1. To conduct stakeholder consultative meetings that inform the design of a haulage sector tailored-DCT.

  2. To develop the DCT technology.

  3. To test the utility of the DCT among truck drivers.

  4. To develop models for mapping risk, transmission and estimate haulage attribution to COVID-19 epidemiology in Uganda.

  5. To conduct stakeholder dialogue with feedback and review of potential benefits and harms of DCT technology.


Study design

The COVID-19 pandemic presents a continuously changing epidemiological landscape; therefore, the study designs is adaptable to accommodate unpredictable circumstances. The project will generally use a mixture of methods tailored to each of the project components. For example, (i) stakeholder engagement will use qualitative and quantitative approaches to generate data. This will be done on a representative number along the hierarchy of the stakeholders in a cross-sectional study, (ii) develop a DCT tool with stakeholder feedback for contextualisation and (iii) a longitudinal study to test the DCT tool with truck drivers will capture data using the mobile application.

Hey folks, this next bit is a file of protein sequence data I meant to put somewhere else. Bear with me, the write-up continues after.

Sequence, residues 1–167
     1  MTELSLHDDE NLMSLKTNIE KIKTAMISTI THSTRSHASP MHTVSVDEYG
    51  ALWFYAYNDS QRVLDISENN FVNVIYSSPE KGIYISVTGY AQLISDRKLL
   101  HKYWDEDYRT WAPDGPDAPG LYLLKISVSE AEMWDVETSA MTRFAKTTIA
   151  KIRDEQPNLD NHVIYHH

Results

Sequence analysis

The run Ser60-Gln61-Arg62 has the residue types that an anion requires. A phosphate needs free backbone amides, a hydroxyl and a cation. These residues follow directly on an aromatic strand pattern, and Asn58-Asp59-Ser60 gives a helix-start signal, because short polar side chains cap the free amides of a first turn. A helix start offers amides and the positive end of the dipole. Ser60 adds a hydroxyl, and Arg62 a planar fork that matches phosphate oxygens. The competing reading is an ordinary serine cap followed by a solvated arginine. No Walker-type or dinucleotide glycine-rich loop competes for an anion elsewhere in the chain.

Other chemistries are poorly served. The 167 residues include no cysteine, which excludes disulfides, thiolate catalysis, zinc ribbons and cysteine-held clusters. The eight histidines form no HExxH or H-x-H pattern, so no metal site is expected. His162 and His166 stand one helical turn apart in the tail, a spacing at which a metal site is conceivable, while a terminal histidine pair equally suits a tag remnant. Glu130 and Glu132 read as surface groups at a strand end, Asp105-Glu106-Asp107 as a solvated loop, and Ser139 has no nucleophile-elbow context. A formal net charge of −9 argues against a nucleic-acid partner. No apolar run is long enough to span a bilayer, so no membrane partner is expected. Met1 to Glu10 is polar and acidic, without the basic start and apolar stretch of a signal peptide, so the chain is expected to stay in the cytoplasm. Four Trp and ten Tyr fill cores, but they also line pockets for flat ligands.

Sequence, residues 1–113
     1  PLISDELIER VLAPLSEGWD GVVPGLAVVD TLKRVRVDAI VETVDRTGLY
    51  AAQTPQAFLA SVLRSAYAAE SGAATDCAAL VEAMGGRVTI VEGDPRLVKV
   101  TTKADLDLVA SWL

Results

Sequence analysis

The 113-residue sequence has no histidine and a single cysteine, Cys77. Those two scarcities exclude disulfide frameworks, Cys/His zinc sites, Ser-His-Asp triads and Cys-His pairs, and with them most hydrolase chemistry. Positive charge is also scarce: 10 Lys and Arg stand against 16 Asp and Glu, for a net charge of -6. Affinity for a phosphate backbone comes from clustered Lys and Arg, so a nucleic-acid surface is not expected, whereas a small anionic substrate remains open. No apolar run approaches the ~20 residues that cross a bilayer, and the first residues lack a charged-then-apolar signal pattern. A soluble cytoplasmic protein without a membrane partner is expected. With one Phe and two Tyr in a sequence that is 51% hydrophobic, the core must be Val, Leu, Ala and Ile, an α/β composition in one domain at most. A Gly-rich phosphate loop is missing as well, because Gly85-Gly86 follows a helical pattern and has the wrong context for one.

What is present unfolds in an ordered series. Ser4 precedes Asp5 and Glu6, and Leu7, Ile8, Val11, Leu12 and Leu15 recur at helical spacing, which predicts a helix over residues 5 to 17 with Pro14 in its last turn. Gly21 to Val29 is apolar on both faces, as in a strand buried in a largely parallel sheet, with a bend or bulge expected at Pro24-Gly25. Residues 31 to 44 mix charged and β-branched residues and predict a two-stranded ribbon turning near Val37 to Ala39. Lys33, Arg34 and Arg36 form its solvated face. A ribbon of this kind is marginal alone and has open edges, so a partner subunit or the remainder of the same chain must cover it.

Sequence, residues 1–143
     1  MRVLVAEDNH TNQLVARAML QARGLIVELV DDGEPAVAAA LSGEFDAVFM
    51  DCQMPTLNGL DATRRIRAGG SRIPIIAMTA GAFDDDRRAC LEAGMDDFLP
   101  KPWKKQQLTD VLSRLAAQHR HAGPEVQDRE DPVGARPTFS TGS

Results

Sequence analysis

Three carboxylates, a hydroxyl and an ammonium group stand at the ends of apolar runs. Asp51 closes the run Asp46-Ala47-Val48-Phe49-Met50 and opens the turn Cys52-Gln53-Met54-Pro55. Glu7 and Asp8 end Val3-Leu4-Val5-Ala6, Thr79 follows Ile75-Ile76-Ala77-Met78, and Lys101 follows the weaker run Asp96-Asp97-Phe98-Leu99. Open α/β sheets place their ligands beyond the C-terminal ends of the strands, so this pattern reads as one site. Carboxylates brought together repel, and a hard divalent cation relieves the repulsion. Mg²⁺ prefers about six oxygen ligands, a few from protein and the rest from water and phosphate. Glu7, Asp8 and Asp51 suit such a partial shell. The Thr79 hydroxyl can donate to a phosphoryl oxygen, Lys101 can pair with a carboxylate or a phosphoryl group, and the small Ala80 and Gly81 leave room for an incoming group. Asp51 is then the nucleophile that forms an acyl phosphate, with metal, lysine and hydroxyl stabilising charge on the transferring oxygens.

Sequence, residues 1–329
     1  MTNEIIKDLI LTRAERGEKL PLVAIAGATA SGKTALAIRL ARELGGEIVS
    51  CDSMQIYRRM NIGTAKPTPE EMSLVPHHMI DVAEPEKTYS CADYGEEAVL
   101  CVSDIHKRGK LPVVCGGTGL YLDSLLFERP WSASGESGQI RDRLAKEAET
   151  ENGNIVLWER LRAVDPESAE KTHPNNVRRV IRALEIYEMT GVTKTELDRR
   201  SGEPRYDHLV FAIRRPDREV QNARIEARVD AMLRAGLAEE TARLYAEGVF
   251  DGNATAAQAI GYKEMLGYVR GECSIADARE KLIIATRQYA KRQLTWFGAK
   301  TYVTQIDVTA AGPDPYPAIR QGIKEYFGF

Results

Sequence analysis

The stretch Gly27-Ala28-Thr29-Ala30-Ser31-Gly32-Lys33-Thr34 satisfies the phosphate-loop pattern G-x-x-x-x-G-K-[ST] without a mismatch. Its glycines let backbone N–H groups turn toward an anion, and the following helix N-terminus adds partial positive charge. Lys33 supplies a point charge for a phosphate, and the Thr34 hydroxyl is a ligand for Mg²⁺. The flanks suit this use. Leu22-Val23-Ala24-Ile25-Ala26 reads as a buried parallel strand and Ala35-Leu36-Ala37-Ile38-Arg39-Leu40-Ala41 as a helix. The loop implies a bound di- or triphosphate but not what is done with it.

Study setting

The field study will start in January 2022 for 1 year, primarily focusing on the East African haulage network, particularly that which transits through Uganda (figure 3A). Uganda has 52 POEs, with varying levels of haulage traffic, categorised as (i) high, (ii) moderate and (iii) low-traffic POEs. This study will focus on one seclusion point in Kampala and five POEs, with the heaviest traffic routes with a combined haulage network traffic coverage of 45%.

Figure 3

(A) The convergence of the East African haulage network in Uganda. The study will focus on the six ports of entry and exits (POEs) shown as circular highlights. (B) The iteration stages of the human-centred design approach. The image was generated using Bio render

Study participants